Although the stimulus conference committee struck a deal yesterday afternoon, there’s still no public rendering of the final agreement as it will be voted on by the House and the Senate.
But the Project On Government Oversight has obtained a copy of Section 1519, which outlines requirements for how the stimulus’s accountability website—almost certainly Recovery.gov—will be operated. Marthena Cowart, a POGO spokesperson, says the copy was provided by Missouri Senator Claire McCaskill’s office.
While the House bill, which passed first, called for creating the site, McCaskill had introduced Senate Amendment 196, which required more detailed and thorough disclosure of contracting details, and would have required its launch within 30 days.
The conference’s version does have McCaskill’s addition that the site be up and running under a month, but it does not have language she’d called for requiring that local and state contracts funded by stimulus money be tracked on the website—merely that federal funds be so tracked. Still, POGO—smarting from the conference’s removal of certain whistleblower protections—is counting the conference website provisions as a one of the bill’s “bright spots.”
On Monday, President Obama outlined his vision for Recovery.gov, which sounded more comprehensive than what looks to be coming out of congress:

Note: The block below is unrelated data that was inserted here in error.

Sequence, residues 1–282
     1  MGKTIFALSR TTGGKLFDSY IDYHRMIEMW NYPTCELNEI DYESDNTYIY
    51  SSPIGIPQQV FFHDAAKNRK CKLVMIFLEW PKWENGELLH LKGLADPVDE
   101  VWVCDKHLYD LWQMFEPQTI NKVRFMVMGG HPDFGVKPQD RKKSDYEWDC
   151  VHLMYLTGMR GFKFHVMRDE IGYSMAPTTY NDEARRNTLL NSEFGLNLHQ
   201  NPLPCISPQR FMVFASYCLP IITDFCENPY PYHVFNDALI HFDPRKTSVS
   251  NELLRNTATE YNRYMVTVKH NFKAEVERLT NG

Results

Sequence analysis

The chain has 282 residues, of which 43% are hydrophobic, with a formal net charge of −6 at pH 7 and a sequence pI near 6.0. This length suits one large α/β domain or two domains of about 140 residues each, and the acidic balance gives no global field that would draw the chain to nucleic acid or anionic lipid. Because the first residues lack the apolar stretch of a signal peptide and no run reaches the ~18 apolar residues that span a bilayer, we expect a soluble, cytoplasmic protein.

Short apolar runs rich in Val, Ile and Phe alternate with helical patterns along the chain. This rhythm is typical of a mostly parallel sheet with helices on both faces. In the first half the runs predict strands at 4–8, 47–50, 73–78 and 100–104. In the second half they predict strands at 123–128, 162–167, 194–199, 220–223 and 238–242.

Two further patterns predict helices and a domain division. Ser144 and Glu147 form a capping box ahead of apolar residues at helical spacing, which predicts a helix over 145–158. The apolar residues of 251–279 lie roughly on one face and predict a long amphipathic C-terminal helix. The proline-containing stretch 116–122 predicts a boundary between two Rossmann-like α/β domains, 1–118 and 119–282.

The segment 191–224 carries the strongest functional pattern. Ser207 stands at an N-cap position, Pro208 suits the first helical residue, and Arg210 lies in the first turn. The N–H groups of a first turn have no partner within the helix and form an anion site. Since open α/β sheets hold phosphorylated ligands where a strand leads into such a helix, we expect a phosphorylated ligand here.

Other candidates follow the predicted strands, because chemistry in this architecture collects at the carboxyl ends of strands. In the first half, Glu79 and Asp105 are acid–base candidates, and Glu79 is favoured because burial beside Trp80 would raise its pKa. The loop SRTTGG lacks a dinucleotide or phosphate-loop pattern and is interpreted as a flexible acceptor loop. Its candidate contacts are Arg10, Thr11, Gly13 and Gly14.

“We’re actually going to set up something called Recovery.gov—this is going to be a special website we set up, that gives you a report on where the money is going in your community, how it’s being spent, how many jobs it’s being created so that all of you can be the eyes and ears. And if you see that a project is not working the way it’s supposed to, you’ll be able to get on that website and say, ‘You know, I thought this was supposed to be going to school construction but I haven’t noticed any changes being made.’ And that will help us track how this money is being spent. …The key is that we’re going to have strong oversight and strong transparency to make sure this money isn’t being wasted.”
Luckily for Obama, Congress’s descriptions of what the website might look like are more of a floor than a ceiling—he can go much further, and it looks like that what he’s planning on.